Histologically, these ligaments consist vagiha of blood vessels largely veinsnerves, Bloood channels, and areolar connective tissue. The cardinal ligament is shown as it attaches Blood the lateral portions of both cervix and upper third of pictuure vagina. Notice that it follows the angulation of the intersecting axes of these two organs. The uterosacral ligaments are attached to the posterolateral aspect of the cervix at the level of the internal os. There are fibrous attachments from the anterior third of the ligaments that course downward to attach to the lateral vaginal fornices.

Near the cervix these ligaments are definite bands of peritoneum-covered tissue. As they course posteriorly, forming the superior boundary of the cul-de-sac of Douglas, they become thinned out with less definite peritoneal ridging. The posterior third of the ligament is fan-shaped and is composed of more delicate strands of tissue that vagiina to the presacral fascia opposite the lower portion of the sacroiliac articulation. There is much individual variation in the thickness and length of these ligaments and it is recognized that the ligaments do increase in prominence when tension or traction is applied to them.

The vaginx ligaments are, in fact, folds of peritoneum covering predominantly the pelvic parasympathetic Blkod that pass anteriorly from the sacral plexus to the lateral aspects of the uterus. The uterosacral ligaments are of great importance to the pelvic reconstructive surgeon. Several procedures, both vaginal and abdominal have been described for the support of the vaginal apex or for prevention of future prolapse. Each is capable of the limits of its normal range of function without permanent alteration of the anatomy or function of its neighbors. There are connective tissue spaces between these organs that permit this relatively independent function. These structures are contained within the septa along reasonably constant routes and do not trespass on the connective tissue spaces.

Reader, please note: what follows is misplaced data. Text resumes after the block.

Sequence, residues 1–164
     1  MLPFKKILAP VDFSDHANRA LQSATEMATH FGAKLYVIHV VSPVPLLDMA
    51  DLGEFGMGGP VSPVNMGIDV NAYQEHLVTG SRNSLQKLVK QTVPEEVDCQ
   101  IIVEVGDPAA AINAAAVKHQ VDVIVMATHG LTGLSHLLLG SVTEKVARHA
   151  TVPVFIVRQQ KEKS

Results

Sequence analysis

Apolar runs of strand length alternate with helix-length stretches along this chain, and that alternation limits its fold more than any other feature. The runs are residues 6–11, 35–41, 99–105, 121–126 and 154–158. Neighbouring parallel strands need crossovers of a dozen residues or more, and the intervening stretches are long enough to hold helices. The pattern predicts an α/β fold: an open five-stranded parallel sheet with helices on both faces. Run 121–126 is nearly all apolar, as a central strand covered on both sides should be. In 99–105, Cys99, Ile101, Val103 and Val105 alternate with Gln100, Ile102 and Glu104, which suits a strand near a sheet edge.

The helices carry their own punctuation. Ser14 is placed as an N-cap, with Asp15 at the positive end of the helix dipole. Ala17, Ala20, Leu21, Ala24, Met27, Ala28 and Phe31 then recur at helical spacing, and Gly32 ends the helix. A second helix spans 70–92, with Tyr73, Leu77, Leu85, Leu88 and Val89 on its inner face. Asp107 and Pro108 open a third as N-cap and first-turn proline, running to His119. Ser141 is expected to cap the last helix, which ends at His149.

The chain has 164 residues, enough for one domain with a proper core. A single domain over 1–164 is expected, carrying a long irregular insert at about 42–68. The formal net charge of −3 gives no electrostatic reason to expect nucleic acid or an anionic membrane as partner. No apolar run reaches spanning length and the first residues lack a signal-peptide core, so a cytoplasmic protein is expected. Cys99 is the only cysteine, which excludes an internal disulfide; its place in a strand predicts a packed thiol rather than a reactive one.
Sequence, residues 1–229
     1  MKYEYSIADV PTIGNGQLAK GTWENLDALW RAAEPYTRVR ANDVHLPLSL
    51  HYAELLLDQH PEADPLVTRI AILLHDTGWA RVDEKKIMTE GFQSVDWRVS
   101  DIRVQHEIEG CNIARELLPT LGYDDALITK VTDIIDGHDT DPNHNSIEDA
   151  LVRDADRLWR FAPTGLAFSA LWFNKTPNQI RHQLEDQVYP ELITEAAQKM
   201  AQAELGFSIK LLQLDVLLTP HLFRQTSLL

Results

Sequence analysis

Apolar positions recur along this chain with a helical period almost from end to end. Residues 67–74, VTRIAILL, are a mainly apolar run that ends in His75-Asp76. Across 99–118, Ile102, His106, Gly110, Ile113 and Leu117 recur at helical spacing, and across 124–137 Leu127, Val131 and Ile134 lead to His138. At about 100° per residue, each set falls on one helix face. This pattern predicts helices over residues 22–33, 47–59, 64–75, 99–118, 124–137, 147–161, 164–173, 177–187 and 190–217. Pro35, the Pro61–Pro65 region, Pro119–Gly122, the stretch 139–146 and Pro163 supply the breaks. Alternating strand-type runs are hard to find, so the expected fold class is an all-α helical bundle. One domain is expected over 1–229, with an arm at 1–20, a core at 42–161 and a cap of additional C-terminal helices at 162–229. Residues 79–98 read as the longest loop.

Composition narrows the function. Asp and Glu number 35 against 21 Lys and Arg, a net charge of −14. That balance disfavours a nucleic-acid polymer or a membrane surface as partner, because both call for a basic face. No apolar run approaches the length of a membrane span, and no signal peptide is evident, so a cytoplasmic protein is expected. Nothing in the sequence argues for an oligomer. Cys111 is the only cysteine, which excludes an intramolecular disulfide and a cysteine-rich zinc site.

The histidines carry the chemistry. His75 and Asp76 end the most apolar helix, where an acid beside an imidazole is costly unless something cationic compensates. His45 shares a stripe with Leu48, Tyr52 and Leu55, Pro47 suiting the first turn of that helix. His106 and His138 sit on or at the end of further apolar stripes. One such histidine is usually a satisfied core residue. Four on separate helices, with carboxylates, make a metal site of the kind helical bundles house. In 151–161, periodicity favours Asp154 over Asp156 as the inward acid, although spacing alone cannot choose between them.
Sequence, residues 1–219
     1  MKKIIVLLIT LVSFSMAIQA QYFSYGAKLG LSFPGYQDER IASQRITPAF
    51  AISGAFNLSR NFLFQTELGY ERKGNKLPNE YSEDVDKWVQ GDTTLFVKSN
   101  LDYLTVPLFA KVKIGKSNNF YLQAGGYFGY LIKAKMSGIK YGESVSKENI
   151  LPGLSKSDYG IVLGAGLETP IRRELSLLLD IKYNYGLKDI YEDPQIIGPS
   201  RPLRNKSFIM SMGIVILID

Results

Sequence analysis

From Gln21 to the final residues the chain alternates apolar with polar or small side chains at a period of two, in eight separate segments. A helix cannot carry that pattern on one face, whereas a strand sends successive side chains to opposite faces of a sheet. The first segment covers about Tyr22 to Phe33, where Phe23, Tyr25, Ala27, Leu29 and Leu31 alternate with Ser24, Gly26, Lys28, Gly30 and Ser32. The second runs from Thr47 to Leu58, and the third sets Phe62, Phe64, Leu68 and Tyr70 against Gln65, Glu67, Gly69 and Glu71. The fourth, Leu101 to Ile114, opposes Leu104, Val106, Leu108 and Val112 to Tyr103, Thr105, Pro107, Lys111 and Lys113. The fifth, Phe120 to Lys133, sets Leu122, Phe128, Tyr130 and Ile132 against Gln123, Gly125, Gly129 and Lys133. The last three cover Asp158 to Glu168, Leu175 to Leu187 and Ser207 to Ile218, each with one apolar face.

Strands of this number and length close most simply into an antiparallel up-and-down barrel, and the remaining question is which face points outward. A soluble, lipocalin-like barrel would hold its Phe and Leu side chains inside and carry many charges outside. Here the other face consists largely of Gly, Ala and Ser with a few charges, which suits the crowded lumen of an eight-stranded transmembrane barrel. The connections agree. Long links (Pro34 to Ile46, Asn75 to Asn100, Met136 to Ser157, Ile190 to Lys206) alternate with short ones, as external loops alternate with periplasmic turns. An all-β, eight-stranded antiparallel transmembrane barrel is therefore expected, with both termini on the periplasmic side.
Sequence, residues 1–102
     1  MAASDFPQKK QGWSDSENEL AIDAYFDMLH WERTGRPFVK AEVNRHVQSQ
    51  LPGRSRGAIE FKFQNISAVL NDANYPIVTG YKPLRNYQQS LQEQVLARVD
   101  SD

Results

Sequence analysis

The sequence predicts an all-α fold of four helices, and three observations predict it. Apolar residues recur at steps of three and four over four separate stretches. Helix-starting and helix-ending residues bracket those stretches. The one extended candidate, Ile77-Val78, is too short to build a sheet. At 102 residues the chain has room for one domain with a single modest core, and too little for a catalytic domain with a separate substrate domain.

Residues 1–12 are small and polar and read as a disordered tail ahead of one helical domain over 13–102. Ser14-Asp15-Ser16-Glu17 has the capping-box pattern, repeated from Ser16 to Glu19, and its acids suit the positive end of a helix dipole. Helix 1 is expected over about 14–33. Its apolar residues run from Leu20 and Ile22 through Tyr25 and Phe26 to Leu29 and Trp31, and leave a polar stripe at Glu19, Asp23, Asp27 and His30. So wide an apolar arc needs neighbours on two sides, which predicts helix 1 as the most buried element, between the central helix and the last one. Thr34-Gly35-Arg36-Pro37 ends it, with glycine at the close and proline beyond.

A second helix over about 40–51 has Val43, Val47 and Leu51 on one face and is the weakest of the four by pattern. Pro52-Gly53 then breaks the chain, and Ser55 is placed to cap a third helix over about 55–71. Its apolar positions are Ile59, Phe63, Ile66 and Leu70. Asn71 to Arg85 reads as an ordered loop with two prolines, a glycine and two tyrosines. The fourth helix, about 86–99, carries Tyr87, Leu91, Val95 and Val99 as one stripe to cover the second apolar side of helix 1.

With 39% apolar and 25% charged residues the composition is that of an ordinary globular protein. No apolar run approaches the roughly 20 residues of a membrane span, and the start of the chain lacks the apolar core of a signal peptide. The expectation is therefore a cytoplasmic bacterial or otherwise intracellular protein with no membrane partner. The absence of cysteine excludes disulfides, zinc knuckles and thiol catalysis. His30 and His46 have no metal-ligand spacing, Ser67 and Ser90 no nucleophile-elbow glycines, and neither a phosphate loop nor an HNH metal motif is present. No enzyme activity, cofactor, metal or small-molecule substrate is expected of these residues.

The anatomic ligaments form natural barriers to the spread of infection, cancer, and hematomas. The septa, on the other hand, through their blood vessels and lymphatics, form natural routes for the transmission of infection and malignancy arising from the pelvic organs. A detailed knowledge of the anatomy of these spaces and partitioning septa is essential to the understanding of their actual and potential functional importance in both health and disease. From accurate knowledge and experience, the surgeon can know not only where to find major vessels and so avoid unnecessary blood loss, but also how to avoid unnecessary surgical penetration of adjacent organs.

To the oncologic surgeon, this anatomic knowledge helps to demarcate the likely limits and routes of direct spread of malignant disease and to determine the extent of necessary extirpation. To the surgeon concerned with pelvic reconstruction, the implications are obvious in the need to reestablish original relationships between the organs. The connective tissue capsules or adventitia of the bladder, birth canal, and rectum are attached to the pelvis, and at certain points to one another, by condensation of connective tissue that contain the principal blood vessels and lymphatics to and from these organs.